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Measuring Effective Tax Rates on Human Capital: Methodology and an Application to Canada

  • Kirk A. Collins
  • James Davies

This paper examines the impacts of a wide range of tax provisions on the incentive to invest in human capital, and shows how these effects can be quantified using effective tax rates, or ETRs. For individuals with median earnings, ETRs on the human capital formed in first-degree university study are sizeable, although not as large as those estimated by previous authors for physical capital in Canada. When the expenditure side and its direct subsidies are also taken into account, the net effective tax rate on human capital becomes negative. The taxation of human capital is far from uniform. ETRs vary by income level, gender, part-time vs. full-time study, whether students have loans, number of dependants, and use of RESPs. The most significant differences are those related to income level. Workers at higher percentile levels of the earnings distribution throughout life may face ETRs three times as high as those for low-income workers – a result of our progressive income tax system.

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Paper provided by CESifo Group Munich in its series CESifo Working Paper Series with number 965.

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Date of creation: 2003
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Handle: RePEc:ces:ceswps:_965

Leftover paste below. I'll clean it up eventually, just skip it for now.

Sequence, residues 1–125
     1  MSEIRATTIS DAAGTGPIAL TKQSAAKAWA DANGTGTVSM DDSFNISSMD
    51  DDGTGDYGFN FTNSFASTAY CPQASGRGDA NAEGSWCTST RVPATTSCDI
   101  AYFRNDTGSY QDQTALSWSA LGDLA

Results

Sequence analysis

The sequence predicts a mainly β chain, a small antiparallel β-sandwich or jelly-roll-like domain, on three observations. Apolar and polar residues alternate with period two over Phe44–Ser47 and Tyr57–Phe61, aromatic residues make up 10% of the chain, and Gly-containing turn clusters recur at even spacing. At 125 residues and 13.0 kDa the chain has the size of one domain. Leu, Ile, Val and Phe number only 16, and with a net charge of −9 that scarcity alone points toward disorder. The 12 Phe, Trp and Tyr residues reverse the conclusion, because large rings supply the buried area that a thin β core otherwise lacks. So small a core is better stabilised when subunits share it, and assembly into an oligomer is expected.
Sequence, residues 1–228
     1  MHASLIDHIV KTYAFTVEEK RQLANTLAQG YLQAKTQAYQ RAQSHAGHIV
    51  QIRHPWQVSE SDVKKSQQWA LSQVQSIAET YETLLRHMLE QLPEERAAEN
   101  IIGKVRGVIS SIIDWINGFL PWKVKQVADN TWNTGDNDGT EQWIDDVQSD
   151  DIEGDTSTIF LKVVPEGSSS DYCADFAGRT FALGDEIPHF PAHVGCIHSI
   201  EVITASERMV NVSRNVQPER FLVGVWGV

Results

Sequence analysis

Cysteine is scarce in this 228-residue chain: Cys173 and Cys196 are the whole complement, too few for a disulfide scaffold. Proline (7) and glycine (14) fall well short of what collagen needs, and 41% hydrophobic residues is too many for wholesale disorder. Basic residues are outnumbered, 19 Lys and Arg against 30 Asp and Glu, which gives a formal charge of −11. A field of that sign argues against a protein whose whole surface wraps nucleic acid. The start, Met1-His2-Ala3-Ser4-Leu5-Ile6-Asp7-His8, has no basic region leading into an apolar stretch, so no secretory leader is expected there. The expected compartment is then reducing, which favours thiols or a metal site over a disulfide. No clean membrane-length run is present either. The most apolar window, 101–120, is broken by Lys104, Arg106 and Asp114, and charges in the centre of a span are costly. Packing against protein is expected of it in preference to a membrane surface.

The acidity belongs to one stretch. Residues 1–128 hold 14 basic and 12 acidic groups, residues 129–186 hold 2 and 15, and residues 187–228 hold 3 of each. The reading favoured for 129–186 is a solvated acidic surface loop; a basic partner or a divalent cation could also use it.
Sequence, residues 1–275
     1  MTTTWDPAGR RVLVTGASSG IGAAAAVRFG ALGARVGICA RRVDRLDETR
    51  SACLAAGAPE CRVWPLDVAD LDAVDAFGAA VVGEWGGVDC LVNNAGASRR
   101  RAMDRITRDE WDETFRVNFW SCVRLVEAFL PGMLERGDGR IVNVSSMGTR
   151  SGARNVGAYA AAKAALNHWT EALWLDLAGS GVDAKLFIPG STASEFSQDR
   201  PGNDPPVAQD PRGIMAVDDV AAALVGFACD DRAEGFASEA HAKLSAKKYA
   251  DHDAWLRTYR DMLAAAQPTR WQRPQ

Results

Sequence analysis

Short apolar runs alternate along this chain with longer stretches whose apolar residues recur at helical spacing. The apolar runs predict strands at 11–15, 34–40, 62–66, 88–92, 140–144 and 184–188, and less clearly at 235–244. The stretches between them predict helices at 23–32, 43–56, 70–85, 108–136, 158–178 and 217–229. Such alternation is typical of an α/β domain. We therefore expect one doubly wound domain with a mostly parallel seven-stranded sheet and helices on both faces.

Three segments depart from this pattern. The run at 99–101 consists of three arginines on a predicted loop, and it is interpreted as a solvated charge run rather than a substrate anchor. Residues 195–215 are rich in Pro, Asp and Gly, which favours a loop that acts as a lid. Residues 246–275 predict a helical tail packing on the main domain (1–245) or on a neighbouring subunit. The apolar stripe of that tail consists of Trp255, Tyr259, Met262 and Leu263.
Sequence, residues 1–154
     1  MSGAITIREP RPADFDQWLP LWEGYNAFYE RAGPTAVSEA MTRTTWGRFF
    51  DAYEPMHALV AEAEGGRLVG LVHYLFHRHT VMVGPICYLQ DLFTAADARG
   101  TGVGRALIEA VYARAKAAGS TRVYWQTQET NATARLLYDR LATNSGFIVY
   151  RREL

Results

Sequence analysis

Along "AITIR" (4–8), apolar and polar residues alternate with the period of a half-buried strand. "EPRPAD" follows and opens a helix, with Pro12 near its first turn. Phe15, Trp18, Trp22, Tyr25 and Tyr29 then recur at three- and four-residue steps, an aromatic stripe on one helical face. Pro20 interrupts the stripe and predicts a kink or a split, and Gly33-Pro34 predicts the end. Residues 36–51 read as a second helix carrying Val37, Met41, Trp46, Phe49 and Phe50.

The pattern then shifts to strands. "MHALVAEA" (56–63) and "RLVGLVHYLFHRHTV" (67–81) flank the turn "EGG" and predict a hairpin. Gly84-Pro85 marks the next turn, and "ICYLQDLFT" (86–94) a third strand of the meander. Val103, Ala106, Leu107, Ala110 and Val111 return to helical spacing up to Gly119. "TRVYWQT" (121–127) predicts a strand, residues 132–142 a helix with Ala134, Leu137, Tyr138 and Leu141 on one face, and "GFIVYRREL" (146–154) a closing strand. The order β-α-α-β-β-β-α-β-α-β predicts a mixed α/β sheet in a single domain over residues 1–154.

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  2. Kaplow, Louis, 1996. "On the Divergence between "Ideal" and Conventional Income-Tax Treatment of Human Capital," American Economic Review, American Economic Association, vol. 86(2), pages 347-52, May.
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  14. John Shea, 1997. "Does Parents' Money Matter?," NBER Working Papers 6026, National Bureau of Economic Research, Inc.
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  16. Dupor, Bill, et al, 1996. "Some Effects of Taxes on Schooling and Training," American Economic Review, American Economic Association, vol. 86(2), pages 340-46, May.
  17. Nielsen, Soren Bo & Sorensen, Peter Birch, 1997. "On the optimality of the Nordic system of dual income taxation," Journal of Public Economics, Elsevier, vol. 63(3), pages 311-329, February.
  18. Michael J. Boskin, 1975. "Notes on the Tax Treatment of Human Capital," NBER Working Papers 0116, National Bureau of Economic Research, Inc.
  19. Mervyn A. King & Don Fullerton, 1983. "The Taxation of Income from Capital: A Comparative Study of the U.S., U.K., Sweden, and West Germany--The Theoretical Framework--," NBER Working Papers 1058, National Bureau of Economic Research, Inc.
  20. Perroni, Carlo, 1995. "Assessing the Dynamic Efficiency Gains of Tax Reform When Human Capital Is Endogenous," International Economic Review, Department of Economics, University of Pennsylvania and Osaka University Institute of Social and Economic Research Association, vol. 36(4), pages 907-25, November.
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